The largest industry in town was the Carriage Industry. In the late 1800’s there were six carriage makers. The largest of these was Edward Hayford & Son located on the corner of Highland and S. Main Sts. Hayford shipped approximately 1,000 carriages per year around the United States. The Newton Historical Society owns two original Hayford Carriages, which are stored at one of their two museums, the Marshall House Museum.
Another large industry in Newton was the Ice Industry. There were two major ice companies operating in Newton over the years. The largest was the Boston Ice Co. located on Country Pond at the end of Bartlett St. and in later years, Ralph Marden’s Ice Co. located on S. Main Street. Many of the ice tools used at these two companies are in the possession of the Historical Society.
The shoe industry, which was operated from small individual cobbler shops, also thrived in Newton in the 1800’s. With the advent of the Industrial Revolution, small cobbler shops gave way to shoe factories. There are several 19th century cobbler shops in Newton. All but one are located on private property. One can be visited and is located at the Town’s Marshall House Museum on Wallace St.
In 1887 disaster struck Newton in the form of the “Great Village Fire”. The fire started in the barn of the Traveler’s Inn on South Main St. Travelling both North and South, it destroyed the Hayford Carriage factory, Wilder’s Store, the Post Office, and the Newton Town Hall. It also destroyed twelve private residences. Fire crews came from Merrimac & Haverhill, MA to battle the fire, as Newton did not have a fire department at the time.
Two years after the “Village Fire”, in 1889, a new Town Hall was built. It stands on the same spot as the previous building on Rte. 108 and is used to this day. That year also saw the formation of Newton’s first Fire Dept.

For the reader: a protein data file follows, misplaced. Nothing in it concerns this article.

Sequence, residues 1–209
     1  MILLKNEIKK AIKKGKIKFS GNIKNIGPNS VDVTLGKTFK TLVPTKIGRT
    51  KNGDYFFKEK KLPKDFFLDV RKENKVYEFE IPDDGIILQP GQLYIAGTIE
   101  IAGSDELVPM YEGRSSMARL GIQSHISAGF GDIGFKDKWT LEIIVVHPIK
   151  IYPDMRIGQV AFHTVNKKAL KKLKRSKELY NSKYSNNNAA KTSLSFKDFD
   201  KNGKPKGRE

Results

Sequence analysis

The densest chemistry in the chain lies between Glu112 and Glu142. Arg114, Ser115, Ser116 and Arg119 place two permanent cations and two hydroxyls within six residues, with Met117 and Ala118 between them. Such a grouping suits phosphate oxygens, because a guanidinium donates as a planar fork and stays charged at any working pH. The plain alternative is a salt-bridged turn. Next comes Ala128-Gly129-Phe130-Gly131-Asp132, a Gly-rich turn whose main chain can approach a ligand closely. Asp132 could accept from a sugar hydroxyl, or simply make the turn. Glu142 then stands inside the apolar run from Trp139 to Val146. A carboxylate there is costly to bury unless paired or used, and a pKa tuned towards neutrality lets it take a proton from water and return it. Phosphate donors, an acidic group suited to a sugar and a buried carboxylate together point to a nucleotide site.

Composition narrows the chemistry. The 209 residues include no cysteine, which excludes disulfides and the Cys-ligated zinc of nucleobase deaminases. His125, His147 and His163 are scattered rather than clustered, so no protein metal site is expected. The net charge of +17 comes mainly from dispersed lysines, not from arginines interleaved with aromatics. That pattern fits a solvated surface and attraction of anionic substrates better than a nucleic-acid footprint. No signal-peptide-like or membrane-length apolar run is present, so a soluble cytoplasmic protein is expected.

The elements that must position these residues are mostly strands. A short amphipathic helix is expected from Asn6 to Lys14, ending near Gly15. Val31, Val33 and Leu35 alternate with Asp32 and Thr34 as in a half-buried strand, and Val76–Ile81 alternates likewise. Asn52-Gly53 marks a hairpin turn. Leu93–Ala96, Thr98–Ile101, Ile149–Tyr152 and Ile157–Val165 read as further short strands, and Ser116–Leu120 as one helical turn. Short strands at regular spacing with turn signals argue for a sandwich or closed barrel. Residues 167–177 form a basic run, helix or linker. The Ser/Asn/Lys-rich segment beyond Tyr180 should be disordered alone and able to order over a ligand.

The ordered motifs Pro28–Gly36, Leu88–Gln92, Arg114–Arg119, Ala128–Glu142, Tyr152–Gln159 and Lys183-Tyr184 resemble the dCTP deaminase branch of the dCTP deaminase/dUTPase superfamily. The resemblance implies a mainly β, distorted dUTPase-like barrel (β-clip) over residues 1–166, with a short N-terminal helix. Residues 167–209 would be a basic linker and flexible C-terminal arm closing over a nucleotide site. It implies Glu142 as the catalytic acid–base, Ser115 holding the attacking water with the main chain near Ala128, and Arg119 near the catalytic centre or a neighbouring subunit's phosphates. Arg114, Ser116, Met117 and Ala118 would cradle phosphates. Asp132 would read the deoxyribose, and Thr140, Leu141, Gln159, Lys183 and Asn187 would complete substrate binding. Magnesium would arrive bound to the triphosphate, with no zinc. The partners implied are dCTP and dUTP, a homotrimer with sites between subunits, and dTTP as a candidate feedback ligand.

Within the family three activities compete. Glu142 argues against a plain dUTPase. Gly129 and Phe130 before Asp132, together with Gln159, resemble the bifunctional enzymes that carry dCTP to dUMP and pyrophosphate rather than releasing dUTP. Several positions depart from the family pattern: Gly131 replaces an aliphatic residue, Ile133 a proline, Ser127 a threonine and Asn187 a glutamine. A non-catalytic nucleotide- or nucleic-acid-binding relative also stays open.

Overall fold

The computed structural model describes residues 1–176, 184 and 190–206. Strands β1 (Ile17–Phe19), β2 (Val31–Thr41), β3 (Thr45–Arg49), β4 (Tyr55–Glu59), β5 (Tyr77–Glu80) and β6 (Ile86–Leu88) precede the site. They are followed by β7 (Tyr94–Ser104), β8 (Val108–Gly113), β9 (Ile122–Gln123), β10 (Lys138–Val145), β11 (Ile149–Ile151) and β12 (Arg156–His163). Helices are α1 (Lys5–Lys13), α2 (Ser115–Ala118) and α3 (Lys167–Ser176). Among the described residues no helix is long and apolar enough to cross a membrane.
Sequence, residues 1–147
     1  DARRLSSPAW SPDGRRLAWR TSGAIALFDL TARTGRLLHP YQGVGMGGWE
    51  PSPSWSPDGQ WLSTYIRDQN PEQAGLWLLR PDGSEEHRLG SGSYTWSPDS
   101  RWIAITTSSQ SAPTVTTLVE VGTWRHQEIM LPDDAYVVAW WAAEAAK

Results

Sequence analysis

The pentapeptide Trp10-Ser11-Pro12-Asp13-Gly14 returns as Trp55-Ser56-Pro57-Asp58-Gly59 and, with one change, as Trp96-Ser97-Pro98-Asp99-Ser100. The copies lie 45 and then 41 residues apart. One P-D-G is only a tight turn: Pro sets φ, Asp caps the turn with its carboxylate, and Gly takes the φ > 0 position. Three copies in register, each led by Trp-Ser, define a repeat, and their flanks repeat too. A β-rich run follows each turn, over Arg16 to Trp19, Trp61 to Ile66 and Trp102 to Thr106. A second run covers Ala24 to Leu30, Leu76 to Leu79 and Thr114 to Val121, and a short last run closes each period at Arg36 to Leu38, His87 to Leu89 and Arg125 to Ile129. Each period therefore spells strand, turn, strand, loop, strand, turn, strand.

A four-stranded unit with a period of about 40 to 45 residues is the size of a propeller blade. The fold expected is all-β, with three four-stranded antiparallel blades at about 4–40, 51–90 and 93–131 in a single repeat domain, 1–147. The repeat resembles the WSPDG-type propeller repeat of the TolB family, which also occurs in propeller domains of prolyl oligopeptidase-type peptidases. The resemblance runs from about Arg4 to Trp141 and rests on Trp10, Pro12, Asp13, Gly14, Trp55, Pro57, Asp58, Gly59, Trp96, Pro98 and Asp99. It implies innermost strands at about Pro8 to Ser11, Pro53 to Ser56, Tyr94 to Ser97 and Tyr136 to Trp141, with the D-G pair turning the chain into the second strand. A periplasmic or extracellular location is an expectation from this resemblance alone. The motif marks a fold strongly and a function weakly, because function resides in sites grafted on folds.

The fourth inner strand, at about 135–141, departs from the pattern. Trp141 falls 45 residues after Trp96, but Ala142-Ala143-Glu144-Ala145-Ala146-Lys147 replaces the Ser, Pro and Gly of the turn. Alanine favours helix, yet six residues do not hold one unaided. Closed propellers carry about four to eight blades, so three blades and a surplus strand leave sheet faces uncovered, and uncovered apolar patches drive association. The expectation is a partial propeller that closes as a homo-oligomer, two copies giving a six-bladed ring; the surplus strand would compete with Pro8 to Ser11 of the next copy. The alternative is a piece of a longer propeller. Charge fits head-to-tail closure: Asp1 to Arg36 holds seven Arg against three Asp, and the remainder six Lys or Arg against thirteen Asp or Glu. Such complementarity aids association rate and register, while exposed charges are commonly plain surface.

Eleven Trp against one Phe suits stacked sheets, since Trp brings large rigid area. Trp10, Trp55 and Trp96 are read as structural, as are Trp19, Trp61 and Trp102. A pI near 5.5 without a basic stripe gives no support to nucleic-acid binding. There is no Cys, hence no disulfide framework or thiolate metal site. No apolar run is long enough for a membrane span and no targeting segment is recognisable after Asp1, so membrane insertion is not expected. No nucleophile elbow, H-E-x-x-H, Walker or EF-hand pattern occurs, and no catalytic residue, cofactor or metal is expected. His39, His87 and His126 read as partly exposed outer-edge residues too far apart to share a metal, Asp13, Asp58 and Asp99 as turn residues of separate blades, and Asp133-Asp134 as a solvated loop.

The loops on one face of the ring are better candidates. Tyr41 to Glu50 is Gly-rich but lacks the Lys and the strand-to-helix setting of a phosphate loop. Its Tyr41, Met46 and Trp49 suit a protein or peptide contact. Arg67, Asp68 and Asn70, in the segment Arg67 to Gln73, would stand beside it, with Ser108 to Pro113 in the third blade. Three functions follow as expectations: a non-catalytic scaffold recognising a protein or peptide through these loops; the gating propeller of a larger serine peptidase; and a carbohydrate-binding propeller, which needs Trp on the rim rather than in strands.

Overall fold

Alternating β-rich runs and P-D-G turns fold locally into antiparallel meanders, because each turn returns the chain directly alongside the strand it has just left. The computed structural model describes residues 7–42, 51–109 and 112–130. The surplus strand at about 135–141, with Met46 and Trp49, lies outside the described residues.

In 1893 Newton founded its own free, public library. It was first located in the Selectman’s office in the town hall. After having a few different homes, in 1978 it was moved to the vacated Village School at 16 South Main Street where it operates to this day.
Over the decades many Newton residents have served in the U. S. military. At the Willow Grove Cemetery, on the back of the World War II Veteran’s Memorial, there is a list of Newton residents who enlisted into the military dating back to the French & Indian War in 1754. The list also identifies those veterans who are buried in Newton Cemeteries.
As the 20th century dawned, the population of Newton increased, but manufacturing in the town decreased. Though there are a number of small commercial businesses and some light industry in Newton, the town has basically become a “bedroom community”. This is evident by the fact that there is not a single traffic light in town and the majority of residents leave town each morning to go to their jobs and return to their families each evening. Many of these residents work in neighboring Massachusetts.
The society also has a limited supply of the town’s 250th Anniversary booklets, which were printed in 1999, that will give you a more in depth look at the town’s history.
* Source: Newton Historical Society